How to Convert PSIG to PSIA

By John Woloch
Psia includes the weight of the atmosphere; psig does not.
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When you check the pressure on the front tire of your bicycle, the dial of your gauge will show the calculated psi (pounds per square inch), such as 85 psi. The pressure inside your tire is not 85 pounds per square inch, however. Your pressure gauge is measuring the difference between the pressure in your bicycle tire and atmospheric pressure. The pressure in your tire actually is 85 pounds per square inch above atmospheric pressure. This type of pressure measurement is pounds per square inch gauge (psig). Scientists and engineers use another unit, pounds per square inch actual (psia), for pressure measurements that include atmospheric pressure.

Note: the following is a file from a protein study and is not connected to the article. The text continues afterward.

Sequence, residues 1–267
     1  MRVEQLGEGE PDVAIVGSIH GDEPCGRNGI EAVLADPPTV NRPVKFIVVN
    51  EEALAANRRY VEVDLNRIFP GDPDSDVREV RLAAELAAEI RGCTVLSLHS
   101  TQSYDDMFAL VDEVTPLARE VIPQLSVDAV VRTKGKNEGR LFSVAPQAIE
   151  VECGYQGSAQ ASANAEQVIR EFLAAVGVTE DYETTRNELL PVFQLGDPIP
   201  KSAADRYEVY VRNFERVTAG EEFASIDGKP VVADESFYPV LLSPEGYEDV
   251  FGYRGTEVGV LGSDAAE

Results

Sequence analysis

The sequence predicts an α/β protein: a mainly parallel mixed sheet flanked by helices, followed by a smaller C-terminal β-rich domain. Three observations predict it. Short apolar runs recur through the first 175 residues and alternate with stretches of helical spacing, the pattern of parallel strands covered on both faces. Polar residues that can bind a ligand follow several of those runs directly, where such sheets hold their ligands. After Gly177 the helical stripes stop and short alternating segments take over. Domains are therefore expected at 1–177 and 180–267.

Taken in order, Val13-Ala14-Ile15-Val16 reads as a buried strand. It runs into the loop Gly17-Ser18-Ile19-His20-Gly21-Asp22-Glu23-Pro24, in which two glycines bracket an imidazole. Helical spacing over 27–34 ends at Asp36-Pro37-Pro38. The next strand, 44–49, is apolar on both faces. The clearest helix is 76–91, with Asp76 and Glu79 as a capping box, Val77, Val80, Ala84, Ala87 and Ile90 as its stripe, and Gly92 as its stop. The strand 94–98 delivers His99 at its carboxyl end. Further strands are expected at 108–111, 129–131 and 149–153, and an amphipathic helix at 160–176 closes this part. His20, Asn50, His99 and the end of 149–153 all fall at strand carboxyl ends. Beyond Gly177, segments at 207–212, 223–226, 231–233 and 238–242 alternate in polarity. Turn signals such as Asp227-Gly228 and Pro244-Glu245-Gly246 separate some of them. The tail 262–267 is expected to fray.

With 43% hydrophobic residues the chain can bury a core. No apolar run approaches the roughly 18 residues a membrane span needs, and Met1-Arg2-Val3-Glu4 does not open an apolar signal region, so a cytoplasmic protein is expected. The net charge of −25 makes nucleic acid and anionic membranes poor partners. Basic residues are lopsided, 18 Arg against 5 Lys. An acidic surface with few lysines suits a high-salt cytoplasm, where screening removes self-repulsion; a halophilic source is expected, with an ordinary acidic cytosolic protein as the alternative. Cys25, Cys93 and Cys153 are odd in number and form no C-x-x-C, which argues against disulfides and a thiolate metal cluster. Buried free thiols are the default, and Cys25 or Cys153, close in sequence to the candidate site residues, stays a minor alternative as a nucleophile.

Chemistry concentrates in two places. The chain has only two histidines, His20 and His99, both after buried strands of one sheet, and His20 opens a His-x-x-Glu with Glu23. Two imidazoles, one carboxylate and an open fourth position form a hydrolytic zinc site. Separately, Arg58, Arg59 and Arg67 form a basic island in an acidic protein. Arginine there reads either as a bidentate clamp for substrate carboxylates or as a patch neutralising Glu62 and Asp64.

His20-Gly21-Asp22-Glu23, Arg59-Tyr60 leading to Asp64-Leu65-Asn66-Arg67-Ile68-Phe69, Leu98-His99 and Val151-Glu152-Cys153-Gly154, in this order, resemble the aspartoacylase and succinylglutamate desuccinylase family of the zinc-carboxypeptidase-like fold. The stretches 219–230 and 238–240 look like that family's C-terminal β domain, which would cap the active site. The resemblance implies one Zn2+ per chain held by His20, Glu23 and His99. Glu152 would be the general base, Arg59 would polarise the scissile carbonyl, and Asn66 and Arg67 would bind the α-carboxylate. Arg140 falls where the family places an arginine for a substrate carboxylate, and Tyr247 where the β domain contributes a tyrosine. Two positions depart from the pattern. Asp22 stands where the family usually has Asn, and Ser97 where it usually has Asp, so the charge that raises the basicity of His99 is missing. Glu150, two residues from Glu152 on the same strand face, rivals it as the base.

Write the value in pounds per square inch gauge (psig) you want to analyze. For example, write "17 psig."

Add 14.7 to the value you have written. For example, if the gauge registers 17 psi, 17 + 14.7 = 31.7.

Write your answer using the correct units. For example, write "31.7 pounds per square inch actual (psia).

About the Author

John Woloch writes professionally for various websites. He has published in the Dutch journal "Crux" and writes frequently on oil painting, classical languages and topics involving math and biochemistry. Woloch holds a Master of Arts in English from the University of Chicago, a Master of Arts in classics from Ohio State University and a postbaccalaureate pre-medical degree from Georgetown University.